Tip 6: Avoid Deal Fatigue

Deal fatigue is a condition in which buyers or sellers or both feel frustrated, irritated, or exhausted as negotiations drag on. It happens frequently with business owners who are going through the process of selling their business. The more time you’ve spent preparing your business for sale, the faster it will sell, and the less likely you’ll experience deal fatigue. 

If you’re an entrepreneur, you’re likely already familiar with fatigue when trying to accomplish a major objective in your business. For example, you may have spent 50 to 100 hours trying to recruit and hire a senior manager only to be let down at the last minute by the leading candidate. While this goal may be critical to the success of your business, at some point you’ll experience fatigue and will be susceptible to taking shortcuts to accomplish your objective. In this example, if the references on your last potential hire didn’t work out, you may simply hire the next applicant and only perform a rudimentary interview and skip reference checks. You end up taking shortcuts because you become fatigued. This fatigue dramatically affects the quality of your decisions because you don’t have the energy to maintain the initial standards you set for the objective.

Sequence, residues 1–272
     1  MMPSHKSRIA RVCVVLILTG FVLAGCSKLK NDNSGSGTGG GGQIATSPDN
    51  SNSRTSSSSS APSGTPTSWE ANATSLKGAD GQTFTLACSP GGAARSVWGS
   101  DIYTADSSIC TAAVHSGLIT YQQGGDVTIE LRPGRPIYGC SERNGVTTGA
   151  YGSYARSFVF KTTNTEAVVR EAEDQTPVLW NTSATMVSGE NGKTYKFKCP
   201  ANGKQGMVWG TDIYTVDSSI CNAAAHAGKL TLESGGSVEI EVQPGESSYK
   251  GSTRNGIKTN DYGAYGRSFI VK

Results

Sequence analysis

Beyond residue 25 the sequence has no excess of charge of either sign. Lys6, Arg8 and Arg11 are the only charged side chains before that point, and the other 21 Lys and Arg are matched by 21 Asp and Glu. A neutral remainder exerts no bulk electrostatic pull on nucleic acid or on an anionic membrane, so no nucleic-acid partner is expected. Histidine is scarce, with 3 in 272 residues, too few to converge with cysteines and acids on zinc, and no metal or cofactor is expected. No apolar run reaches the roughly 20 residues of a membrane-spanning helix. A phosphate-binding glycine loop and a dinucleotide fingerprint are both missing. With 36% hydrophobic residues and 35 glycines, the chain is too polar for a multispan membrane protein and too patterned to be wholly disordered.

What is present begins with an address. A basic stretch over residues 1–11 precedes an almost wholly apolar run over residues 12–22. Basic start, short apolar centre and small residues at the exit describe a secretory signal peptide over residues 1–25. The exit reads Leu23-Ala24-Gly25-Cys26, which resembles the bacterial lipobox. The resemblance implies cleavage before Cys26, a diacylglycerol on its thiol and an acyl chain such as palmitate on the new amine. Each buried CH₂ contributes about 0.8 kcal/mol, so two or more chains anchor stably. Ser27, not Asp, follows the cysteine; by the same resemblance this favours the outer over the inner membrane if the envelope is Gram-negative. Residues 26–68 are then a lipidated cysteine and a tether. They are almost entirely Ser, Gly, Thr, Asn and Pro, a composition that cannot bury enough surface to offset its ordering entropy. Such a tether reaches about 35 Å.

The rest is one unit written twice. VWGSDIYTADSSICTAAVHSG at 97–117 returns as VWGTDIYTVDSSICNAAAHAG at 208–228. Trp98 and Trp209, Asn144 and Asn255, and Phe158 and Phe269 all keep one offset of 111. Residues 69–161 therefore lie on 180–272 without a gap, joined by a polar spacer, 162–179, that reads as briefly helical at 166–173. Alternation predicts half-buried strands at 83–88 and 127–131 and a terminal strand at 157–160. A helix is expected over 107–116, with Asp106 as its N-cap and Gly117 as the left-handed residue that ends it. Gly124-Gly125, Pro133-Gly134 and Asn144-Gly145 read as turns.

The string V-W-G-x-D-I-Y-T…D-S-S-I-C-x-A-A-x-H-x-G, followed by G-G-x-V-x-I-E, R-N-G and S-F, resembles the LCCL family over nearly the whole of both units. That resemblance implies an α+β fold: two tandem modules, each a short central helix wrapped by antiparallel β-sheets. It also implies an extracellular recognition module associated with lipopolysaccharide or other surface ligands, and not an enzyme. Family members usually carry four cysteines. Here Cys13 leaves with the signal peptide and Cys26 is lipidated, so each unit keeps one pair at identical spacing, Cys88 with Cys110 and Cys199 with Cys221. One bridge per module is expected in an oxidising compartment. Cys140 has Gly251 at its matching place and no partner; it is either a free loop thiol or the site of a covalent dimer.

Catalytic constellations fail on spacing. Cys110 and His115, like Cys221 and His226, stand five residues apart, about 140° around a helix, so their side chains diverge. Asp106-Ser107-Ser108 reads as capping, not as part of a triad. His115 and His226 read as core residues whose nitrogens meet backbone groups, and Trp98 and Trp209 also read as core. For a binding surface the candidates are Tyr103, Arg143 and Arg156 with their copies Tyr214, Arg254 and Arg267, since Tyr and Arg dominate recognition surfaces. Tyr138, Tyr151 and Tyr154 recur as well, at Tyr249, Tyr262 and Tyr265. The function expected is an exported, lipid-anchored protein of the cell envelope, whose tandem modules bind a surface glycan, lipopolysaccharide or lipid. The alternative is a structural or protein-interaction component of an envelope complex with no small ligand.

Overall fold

The same issue of compromising your initial standards can happen when selling your business. The more buyers you communicate and negotiate with, the more likely you’ll experience fatigue at some point. So, how do you prevent deal fatigue while creating a strong negotiating position? 

Spend as much time as possible thoroughly packaging your company for sale. By investing time preparing for the sale, you help ensure it unfolds smoothly and quickly, which greatly reduces fatigue. Your CIM and financials should be as accurate and thorough as possible to anticipate the most common questions all buyers will ask. This reduces the number of clarifying questions you’ll receive from buyers, which helps preserve the amount of energy you have to invest in selling your business. 

You can also experience fatigue from negotiating with one buyer. Again, the more time, money, and emotion you invest in any one buyer, the greater your sunk costs will be, and the more likely you’ll be seriously disappointed if the buyer renegotiates the price or terms or backs out altogether. Now imagine if this happens with multiple buyers back-to-back when selling your business. At some point, you’ll burn out and begin taking shortcuts and sacrificing your standards. Here, again, the best option for avoiding deal fatigue is preparation – by preparing your business for sale, you minimize the chance the buyer will discover a material fact they can use against you during due diligence.

Sophisticated buyers are aware of the natural tendency of business owners to experience fatigue as the process wears on. They may take advantage of this by drawing out the process and nibbling at the last minute. Avoid deal fatigue by developing as many options as possible and maintaining your positioning and emotional objectivity. Always have other options available in case the buyer attempts to renegotiate the price.